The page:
Arthrex urged the Court to grant the petition because the severability of APJs’ tenure is an important issue and by “dramatically understating the importance of tenure protections necessary to ensure impartiality and independence, the [CAFC’s] decision undermines the integrity of the AIA review schemes and threatens the fairness of agency adjudication generally.”
Arthrex also noted the CAFC’s ruling “that removal authority is sufficient even without any superior officer able to reverse or modify APJ decisions” raises constitutional issues and warrants the Court’s review.
The U.S.’s respondent’s memorandum and respondent S&N’s brief are discussed above.
Arthrex v. Smith & Nephew, No. 19-1204
On April 6, Arthrex asked the Court to consider the questions:
1.) whether “the retroactive application of inter partes review to patents that were applied for before the America Invents Act violates the Fifth Amendment”; and
2.) whether “a court of appeals can invoke forfeiture principles to refuse to address a constitutional claim in a pending appeal despite an intervening change in law.” In particular, Arthrex challenged the constitutionality of applying IPR retroactively, as the issue was left open in Oil States Energy Services, LLC v. Greene’s Energy Group, LLC. The petition also presented “a constitutional challenge to the appointment of [APJs] who adjudicate inter partes reviews.
On June 8, the U.S. filed a respondent’s brief in opposition asserting that Arthrex’s petition should be denied because Arthrex’s questions lacked merit and did not warrant review by the Court. The U.S. noted that “even with respect to patents that were not only applied for but actually issued before the AIA’s enactment, the use of the AIA’s inter partes review procedures does not constitute a retroactive application of that law.” The U.S. also stated that “[a] statute does not operate ‘retrospectively’ merely because it is applied in a case arising from conduct antedating the statute’s enactment, … or upsets expectations based in prior law.” The U.S. explained that the relevant question was “whether the new provision attaches new legal consequences to events completed before its enactment,” and in the U.S.’s opinion, there were no new legal consequences attached here.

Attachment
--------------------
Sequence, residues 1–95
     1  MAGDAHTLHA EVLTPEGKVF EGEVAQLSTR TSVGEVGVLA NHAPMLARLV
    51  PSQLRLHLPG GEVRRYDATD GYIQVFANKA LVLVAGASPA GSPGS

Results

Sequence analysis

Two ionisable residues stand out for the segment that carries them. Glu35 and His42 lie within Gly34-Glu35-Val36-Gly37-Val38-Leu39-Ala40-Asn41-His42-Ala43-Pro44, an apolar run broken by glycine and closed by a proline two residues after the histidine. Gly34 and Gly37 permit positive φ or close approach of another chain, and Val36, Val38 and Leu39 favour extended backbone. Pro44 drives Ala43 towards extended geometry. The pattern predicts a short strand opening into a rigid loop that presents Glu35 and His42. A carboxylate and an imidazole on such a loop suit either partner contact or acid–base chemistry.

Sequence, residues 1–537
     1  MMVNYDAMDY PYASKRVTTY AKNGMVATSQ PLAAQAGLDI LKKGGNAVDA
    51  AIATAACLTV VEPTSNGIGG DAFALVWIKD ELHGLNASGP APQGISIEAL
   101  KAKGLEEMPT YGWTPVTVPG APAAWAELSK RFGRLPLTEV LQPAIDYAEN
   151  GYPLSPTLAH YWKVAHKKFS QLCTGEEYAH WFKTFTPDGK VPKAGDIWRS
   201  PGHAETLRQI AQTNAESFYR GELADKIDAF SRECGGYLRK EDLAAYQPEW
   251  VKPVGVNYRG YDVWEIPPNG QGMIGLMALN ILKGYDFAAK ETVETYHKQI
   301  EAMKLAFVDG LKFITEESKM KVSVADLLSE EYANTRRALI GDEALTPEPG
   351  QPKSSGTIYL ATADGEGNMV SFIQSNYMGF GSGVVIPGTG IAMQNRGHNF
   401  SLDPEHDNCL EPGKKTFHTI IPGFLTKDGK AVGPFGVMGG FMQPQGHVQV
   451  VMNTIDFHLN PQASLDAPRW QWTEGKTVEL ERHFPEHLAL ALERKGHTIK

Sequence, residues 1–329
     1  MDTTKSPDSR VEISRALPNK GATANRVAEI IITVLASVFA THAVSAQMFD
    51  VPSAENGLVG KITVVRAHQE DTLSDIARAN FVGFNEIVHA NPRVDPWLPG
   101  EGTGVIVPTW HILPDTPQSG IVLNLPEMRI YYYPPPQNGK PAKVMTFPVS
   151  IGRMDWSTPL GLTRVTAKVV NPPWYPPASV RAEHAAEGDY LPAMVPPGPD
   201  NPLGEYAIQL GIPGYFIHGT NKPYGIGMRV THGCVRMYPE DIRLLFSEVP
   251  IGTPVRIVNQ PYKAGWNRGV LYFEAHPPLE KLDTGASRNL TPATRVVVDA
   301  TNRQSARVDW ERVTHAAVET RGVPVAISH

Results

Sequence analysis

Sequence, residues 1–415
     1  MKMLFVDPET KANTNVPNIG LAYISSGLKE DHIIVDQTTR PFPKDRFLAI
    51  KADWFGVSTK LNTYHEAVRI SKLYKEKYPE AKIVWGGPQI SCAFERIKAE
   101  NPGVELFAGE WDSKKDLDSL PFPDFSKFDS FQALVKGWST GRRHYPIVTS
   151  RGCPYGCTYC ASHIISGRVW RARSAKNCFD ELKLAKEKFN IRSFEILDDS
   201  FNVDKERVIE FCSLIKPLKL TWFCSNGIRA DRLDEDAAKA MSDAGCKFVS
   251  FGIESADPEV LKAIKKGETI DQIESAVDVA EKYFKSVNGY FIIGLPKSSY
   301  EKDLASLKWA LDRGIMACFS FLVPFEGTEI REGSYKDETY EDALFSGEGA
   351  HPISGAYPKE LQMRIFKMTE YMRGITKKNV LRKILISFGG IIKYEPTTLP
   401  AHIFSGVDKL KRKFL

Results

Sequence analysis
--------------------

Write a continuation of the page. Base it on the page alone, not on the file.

On June 9, S&N filed a respondent’s brief in opposition submitting that the petition for a writ of certiorari should be denied. S&N reasoned, in part, that “the question actually ‘left open’ in Oil States—is of no moment to petitioner, since its own patent issued long after the AIA was enacted.” S&N also noted that the Supreme Court has explained that a “statute does not operate ‘retrospectively’ merely because it is applied in a case arising from conduct antedating the statute’s enactment, or upsets expectations based in prior law. Rather, the court must ask whether the new provision attaches new legal consequences to events completed before its enactment.”
Arthrex filed a reply on June 19, further emphasizing that the Court should use this case to consider the question of whether Congress can apply inter partes review retroactively to patents that predate the America Invents Act.
It’s Up to You, SCOTUS
As noted in the NYIPLA’s amicus brief, “as of November 2019, over 10,000 trials in post-grant proceedings had been held by the PTAB.” Since the CAFC has denied rehearing and “no other court of appeals would have jurisdiction,” the fate of these PTAB trials is in the hands of SCOTUS.